Your Will is a Living Document, a Work in Progress!

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Life is never at a standstill — it’s ever-changing and so are your circumstances. As they change, your planning needs may as well. Don’t make the mistake of putting your will away and forgetting about it. Take a look at some major life events that should trigger a review of your will:

You get married or divorced — If recently married, you probably want to include your new spouse in your estate plan. Similarly, if you’ve been recently divorced, you may want to revise what you planned on leaving to your now ex-spouse. You should also change the beneficiary designation on insurance policies, IRAs, pensions and such since those probably specify your now ex-spouse.

You become a parent — How will your child(ren) be cared for if both you and your spouse die? Who will be the guardian of your minor child(ren)? These issues need to be addressed in your will.

You retire — If you retire to another state (or move to a new state, for that matter), review your will and other estate planning documents to be sure they reflect the new state’s relevant laws. You may want to seek legal advice.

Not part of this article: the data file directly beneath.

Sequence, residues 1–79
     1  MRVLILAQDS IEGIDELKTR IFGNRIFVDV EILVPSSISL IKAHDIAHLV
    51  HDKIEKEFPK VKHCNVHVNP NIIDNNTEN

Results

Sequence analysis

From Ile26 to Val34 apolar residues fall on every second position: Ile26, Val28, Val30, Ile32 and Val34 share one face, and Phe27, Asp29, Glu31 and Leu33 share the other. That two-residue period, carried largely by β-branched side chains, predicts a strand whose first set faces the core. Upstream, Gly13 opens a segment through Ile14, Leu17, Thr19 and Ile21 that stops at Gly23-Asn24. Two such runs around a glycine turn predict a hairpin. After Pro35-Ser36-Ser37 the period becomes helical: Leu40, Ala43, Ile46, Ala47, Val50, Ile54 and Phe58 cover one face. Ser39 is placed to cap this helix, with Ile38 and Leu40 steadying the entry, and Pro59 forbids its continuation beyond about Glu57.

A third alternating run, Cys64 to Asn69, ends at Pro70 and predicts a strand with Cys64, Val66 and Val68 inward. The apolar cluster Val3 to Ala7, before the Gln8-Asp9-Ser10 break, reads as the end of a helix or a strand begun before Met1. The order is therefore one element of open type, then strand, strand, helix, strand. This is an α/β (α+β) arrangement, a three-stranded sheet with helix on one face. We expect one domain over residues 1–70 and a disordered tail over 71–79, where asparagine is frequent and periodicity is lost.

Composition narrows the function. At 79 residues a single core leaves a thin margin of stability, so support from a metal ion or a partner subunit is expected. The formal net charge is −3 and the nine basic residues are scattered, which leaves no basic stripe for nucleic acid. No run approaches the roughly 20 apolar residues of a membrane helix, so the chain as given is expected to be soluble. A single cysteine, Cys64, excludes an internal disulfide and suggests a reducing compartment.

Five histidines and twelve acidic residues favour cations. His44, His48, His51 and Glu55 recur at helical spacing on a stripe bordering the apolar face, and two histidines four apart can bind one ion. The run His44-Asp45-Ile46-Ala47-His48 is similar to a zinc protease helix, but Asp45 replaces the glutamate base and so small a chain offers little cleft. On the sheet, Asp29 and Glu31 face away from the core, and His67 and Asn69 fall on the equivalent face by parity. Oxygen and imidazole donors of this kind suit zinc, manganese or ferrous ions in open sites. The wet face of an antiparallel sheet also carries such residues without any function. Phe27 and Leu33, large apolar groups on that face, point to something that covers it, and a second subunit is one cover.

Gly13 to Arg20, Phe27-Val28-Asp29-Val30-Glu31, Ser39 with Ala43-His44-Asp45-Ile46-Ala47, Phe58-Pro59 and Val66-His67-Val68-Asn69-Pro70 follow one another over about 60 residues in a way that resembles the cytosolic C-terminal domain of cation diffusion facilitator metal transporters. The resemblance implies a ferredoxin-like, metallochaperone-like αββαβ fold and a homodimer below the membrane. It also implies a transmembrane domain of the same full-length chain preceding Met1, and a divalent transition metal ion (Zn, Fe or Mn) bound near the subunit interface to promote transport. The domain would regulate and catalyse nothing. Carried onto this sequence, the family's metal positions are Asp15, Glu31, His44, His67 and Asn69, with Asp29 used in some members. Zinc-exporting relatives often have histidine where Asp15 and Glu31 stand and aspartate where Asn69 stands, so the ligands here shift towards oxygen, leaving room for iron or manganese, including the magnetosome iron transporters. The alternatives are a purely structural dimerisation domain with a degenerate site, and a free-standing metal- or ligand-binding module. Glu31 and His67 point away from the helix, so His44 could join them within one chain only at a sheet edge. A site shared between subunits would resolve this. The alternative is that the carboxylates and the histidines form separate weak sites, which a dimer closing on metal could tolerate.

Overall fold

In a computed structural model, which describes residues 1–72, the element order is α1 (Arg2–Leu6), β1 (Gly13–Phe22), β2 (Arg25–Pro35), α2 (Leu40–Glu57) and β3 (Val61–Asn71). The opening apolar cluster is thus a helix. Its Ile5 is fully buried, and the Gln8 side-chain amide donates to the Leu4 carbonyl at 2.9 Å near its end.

Your spouse or other beneficiary dies — If one of your heirs dies before you do, you need to update your will to reflect a new recipient.

How do you change a will?

You can change your will in one of two ways:

By codicil — For small changes, you can utilize a codicil. A codicil is a separate document that’s valid under applicable state law. It adds to or amends your original will. A codicil needs to clearly reference the specific portion of your will that it’s amending so you may want to consider legal counsel.1

A new will — For bigger changes or a series of small changes, you can sign a completely new will that’s valid under applicable state law. Your new will supersedes your old will in its entirety. Again, you may want to seek legal counsel.

We believe in smart

Make sure your will reflects your current situation. If you need to change your will because of a life event, you probably should review your estate and financial plans, as well as your insurance. If you don’t have a will consider getting one to make sure your wishes are carried out as you intended. We believe in smart and want to help you get smarter about planning — the more you know, the better you can prepare for the future. I can help— let’s have a conversation.

1Source: https://estate.findlaw.com/wills/changing-a-will.html

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